So, again we ask, who is the best choice in this field to carry on the Snyder Legacy? Surely his chief-of-staff of the past two years, right? Well, we’ve recounted David Boling’s shortcomings during this primary — most notably how his $300,000+ spent on this campaign in order to be third or fourth in the polls is perhaps one of the biggest election flops we’ve seen here in recent years — and given the fact that Snyder himself hasn’t endorsed Boling (or anyone else), perhaps voters are barking up the wrong tree with that choice. We do applaud his attempts to contrast his positions vs. Wills’, but he just hasn’t been able to connect with voters at the debates or on television.

Lil’ P.K. takes it to tha district… state… world… SOMETHING?

Ok, so we all know that there’s one hot-headed candidate more than willing to contrast himself against the others, but that candidate has offended and alienated so many people (including Jesus?) in such a short time during this primary that we honestly look for him to head back home to South Carolina with his tail between his legs at this point.  Smith notes the “anger” shown by him. It seems that Lil’ P. Kennedy is like a homeless man’s Howard Dean — has the rolled-up sleeves and foaming at the mouth down, but comes nowhere near the adept understanding of policy the former DNC Chair always shows.

Adams: Campaigning on Competence

As Smith mentions, and as more and more local progressives have seemingly started to notice in the past couple of weeks, the real “issues-driven candidate” with the palatable demeanor is Blue Hog Report’s AR-02 endorsee, John Adams. In fact, it was Adams’ performances in the three debates that forced us to think more about his campaign — one under-the-radar in some respects, but one that has been the most consistent, pragmatic, and closest to Snyder’s core values as a lawmaker. Snyder may be given the “liberal” label here, but he is hardly far left by most national standards; rather, he has brought many of the same qualities to office that Adams could bring — ideologically progressive and forward-thinking, but inoffensive and able to win in Republican-leaning election years.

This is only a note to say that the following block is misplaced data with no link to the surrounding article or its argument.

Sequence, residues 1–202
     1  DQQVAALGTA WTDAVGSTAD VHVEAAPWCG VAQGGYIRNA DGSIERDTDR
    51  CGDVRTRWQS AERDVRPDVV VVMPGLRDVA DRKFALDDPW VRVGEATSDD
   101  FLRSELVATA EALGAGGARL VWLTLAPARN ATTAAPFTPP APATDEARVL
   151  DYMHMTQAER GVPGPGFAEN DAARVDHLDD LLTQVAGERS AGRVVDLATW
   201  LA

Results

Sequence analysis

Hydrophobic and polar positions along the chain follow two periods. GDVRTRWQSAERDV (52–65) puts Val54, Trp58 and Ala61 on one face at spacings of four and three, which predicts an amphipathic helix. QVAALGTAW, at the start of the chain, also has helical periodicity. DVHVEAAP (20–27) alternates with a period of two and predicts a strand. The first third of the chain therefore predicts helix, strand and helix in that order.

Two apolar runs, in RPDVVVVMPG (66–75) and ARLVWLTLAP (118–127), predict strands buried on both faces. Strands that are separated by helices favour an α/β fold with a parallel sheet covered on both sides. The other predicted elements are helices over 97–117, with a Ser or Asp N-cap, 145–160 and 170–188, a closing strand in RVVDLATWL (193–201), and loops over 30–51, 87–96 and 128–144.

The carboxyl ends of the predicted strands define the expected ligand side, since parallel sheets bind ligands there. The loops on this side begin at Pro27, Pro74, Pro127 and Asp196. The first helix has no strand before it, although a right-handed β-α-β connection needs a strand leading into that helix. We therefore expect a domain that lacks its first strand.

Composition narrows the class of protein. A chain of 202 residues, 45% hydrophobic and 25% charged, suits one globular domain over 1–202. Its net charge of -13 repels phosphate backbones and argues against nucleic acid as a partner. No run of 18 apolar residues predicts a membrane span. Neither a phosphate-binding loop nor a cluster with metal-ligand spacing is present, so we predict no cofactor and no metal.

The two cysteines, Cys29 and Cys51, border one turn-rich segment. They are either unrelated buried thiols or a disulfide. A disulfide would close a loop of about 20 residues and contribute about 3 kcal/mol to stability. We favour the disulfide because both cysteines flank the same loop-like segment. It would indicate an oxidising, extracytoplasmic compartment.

Adams delivered his third straight sound debate performance at the Sticky Fingerz debate Tuesday night. While once again not receiving the local buzz generated by Wills’ rehearsed one-liners or Lil’ P.K.’s post-debate tweets, he was the candidate tackling issues, such as making our tax code fair with true reforms and acknowledging America’s status as the world’s military super power must be re-examined in the context of the world we now face where globalization and the effect of terrorism has changed the 20th Century rules we’ve been playing by.

Who’s Your Congressman? (Arkansas Times)

Most importantly, perhaps, is Adams’ potential electability in a November showdown with whoever the Repugs choose. I just hope voters will give him a second look because he could just the right person at the right time to keep the seat.

An uphill battle to get the chance? Certainly. But hard to not believe in the cause with responses like that, isn’t it?